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Banks - III Music Album Reviews

While the brooding pop singer can’t always shake the anodyne songwriting that plagued her past work, III is still Banks’ best album to date.

In 2013, Jillian Banks emerged as a poster girl for brooding, twilight-hours pop. She made all the right moves for an artist working in the burgeoning “alternative R&B” space: She committed to a monochromatic aesthetic, linked up with trendy collaborators, and commissioned Hype Machine-ready remixes. It worked, to an extent. Following a stint opening for the Weeknd, Banks became a relatively well-known name. Yet despite impressive stream counts, even her biggest singles weren’t quite enough to push her over the edge. Her signature sound relied on cookie-cutter production and “indie-pop voice” that weren’t hard to find elsewhere. With her latest album, III, Banks seems eager to reestablish her footing and take greater creative risks. While she can’t always shake the anodyne songwriting that plagued her past work, it’s still her best album to date.

Other than Banks herself, the most prominent presence on III is producer and Bon Iver collaborator BJ Burton, who produces or co-produces 10 of the album’s 13 tracks. He brings his unique bag of tricks—the Messina vocal harmonizer technique popularized on 22, A Million, the apocalyptic distortion that defined Low’s Double Negative. Paired with Banks’ voice, these strategies work wonders, and album opener “Till Now” sets the tone with liberal doses of both. A song like “Stroke” may lack lyrical finesse—“Say it’s hard to breathe inside my ocean/I give you the deep, but you’re still floating”—but flanked by Burton’s growling fuzz, Banks stands confident, smirking as waves of low-end crash around her.

On its face, lead single “Gimme” is another haughty banger about unfulfilled lust. But where on past albums it may have sounded lifeless, Banks’ voice sears through “Gimme” like twisted metal. Hudson Mohawke’s speaker-busting drums and bass blasts undergird a syncopated synth line reminiscent of Justin Timberlake’s classic “My Love.” Ballad “Hawaiian Mazes” strikes a diaristic tone against a melancholy backdrop of piano and old-world string trills, courtesy of Frank Ocean musical director Buddy Ross. “Telling me why you left and then complain you’re alone and I don’t know why,” Banks cries at the song’s apex. Though her lyrics can be as stilted as ever (“I tried my best to follow, but you moving too fast on ya daddy long legs”), the stream-of-consciousness style works far better than more playlist-ready fare.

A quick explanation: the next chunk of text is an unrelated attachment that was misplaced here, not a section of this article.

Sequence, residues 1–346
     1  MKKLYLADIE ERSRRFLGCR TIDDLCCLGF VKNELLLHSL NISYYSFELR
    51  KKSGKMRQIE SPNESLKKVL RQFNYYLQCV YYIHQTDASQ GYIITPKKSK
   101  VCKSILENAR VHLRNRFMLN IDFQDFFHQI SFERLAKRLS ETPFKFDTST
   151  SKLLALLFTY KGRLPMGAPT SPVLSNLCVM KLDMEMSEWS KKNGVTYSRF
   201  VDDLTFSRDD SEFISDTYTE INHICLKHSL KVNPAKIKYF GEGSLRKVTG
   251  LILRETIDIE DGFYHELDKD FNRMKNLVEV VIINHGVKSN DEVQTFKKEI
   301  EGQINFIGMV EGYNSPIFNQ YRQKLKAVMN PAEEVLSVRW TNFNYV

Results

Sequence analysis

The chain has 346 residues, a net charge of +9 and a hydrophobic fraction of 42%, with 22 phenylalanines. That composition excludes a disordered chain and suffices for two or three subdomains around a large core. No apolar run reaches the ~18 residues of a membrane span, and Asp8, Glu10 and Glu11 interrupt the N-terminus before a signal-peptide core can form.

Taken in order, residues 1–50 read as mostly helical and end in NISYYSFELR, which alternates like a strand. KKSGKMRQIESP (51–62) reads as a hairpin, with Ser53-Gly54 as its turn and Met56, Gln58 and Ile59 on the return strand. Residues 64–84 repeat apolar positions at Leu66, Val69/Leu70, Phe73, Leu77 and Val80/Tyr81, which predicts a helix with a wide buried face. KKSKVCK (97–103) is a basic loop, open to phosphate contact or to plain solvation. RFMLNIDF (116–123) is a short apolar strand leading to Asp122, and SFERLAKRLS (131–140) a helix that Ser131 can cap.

When Banks does attempt the latter, she stumbles. The lone collaboration, “Look What You’re Doing to Me,” featuring Francis and the Lights, fails to extract a memorable melody from either party. “Alaska” half-heartedly pursues a pseudo-dancehall vibe that never finds its rhythm, while “If We Were Made of Water” tries to rebottle the quivering magic of “Warm Water,” Banks’ similarly aquatic 2013 breakout single. When she sings, “Maybe if you say it again, change some words around, maybe I’ll believe you then,” she’s also speaking on behalf of her listeners.

The most interesting moments on III tap into life experiences beyond doomed relationships. On “The Fall,” a sharp-tongued critique of the music industry co-written with Miguel, Banks adopts the perspective of a record company bigwig and attacks herself viciously, painting a picture of gaslighting and sexualization that scans all too familiar. It’s not her best vocal performance—Banks can sound brittle through Auto-Tune, and rap-singing isn’t her forte—but it’s one of the only times we glimpse the real Jillian Banks, ostensibly the driving force behind all these songs. Seven years after her debut, III brings the overblown excitement around her career to an official close. With the death of that hype, she’s finally delivered a record that gives her room to expand.

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